So here’s a question I want you to try answering off the top of your head – Which certificate is your domain controller using for Kerberos & LDAPS and what happens when there are multiple certificates in the crypto store?
The answer is actually pretty obvious if you already know the answer, however this was the question I faced recently, and ended up having to do a little bit of poking around to answer the question.
The scenario in question for me is having built a new multi-tier PKI in our environment I have reached the point of migrating services to it, including the auto-enrolling certificates templates used on Domain Controllers.
If you are an Active Directory Administrator, Check out this presentation by MVP Jess Dodson on AD Security and Maintenance which was presented in the main hall at MSIgnite NZ a couple of weeks ago.
Some of you may already be familiar with Jess’s work over at Girlgerms Online and if not, these is definitely one of the better systems administration blogs in Australia 🙂
Edit 6/11/16 – WordPress is not correctly embedding video – looks fine in editor, but shows a link when published. have updated URL to direct link to the Channel 9 site.
Its been a busy month for me, as is always seems to be the case from about Mid-November all the way through to Christmas. My focus at the moment has been decommissioning legacy systems, of which one is particularly notable.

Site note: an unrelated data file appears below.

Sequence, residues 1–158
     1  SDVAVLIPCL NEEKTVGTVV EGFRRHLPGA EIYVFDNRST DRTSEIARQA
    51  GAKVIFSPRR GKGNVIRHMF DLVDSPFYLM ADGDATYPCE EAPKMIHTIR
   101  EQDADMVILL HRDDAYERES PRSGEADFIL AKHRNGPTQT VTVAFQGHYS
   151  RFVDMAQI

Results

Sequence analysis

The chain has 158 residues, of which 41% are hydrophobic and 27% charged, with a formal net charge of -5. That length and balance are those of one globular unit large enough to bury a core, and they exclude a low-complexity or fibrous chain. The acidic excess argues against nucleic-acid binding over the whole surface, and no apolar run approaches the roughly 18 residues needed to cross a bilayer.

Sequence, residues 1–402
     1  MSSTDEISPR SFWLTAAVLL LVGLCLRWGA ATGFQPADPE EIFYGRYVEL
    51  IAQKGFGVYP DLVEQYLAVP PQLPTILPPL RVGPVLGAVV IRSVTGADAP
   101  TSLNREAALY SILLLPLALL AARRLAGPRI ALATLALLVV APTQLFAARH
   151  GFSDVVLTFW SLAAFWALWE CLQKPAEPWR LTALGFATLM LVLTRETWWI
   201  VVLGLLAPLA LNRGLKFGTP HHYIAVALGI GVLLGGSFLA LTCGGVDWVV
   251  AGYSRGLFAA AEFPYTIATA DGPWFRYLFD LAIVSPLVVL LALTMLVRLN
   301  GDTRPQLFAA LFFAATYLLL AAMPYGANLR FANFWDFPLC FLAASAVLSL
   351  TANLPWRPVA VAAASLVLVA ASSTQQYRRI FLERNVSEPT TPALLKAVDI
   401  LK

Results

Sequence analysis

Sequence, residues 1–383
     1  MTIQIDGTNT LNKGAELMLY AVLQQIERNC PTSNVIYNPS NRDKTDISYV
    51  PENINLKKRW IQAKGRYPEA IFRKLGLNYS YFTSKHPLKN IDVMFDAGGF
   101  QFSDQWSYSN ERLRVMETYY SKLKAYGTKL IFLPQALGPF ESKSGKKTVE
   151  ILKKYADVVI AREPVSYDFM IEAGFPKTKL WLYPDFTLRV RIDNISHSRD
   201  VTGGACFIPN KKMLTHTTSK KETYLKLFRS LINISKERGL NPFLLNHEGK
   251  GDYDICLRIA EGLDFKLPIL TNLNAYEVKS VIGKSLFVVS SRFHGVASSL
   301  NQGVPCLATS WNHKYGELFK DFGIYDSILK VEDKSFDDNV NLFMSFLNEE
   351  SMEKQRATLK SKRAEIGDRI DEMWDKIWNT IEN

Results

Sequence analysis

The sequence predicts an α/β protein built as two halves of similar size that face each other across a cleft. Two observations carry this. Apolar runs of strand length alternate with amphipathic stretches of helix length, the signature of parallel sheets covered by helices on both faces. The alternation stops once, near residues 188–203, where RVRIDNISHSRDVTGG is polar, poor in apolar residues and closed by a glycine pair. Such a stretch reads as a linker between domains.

The last Windows Server 2003 Domain Controller in our environment gets decommissioned this week. This has been the culmination of works started in August 2009 in an effort to modernise Active Directory where I work. Upgrading AD where I have been working has not been that much of a priority, and there were both political and perception challenges to overcome as well. Some of the things that have happened as part of this work have been significant infrastructure changes including:
- Making Domain Controllers purely a single role machine.
- New DCs in sites where previously one machine acting as a DC and Fileserver
- Removal bof additional roles from domain controllers (e.g. RADIUS Auth, Certificate Authority, Scripts etc)
- New load balancing of LDAP & LDAPS connections for applications which only allowed a single authentication source
- Modification of firewall rules due to the changes in open ports in Server 2008 R2.
We got to the point of decommissioning in July 2012, but that attempt had to be aborted following some applications having unexpected issues.
But this week we are finally there. The server has been turned off for a few days to make sure there aren’t any more surprises, and this week we will shut down the server, wipe the drives and add it to the pile of decommissioned hardware.
With that done and dusted, we only need to raise the Functional level to 2008 R2 native before starting the process again with WS2012.
Its been a couple of months since I last posted, and it’s more because I have been just really busy with work more than anything, with not a lot of time spent on scripts. So instead I’ll post about some things I have been working on and people are welcome to do a Q&A in the comments forum: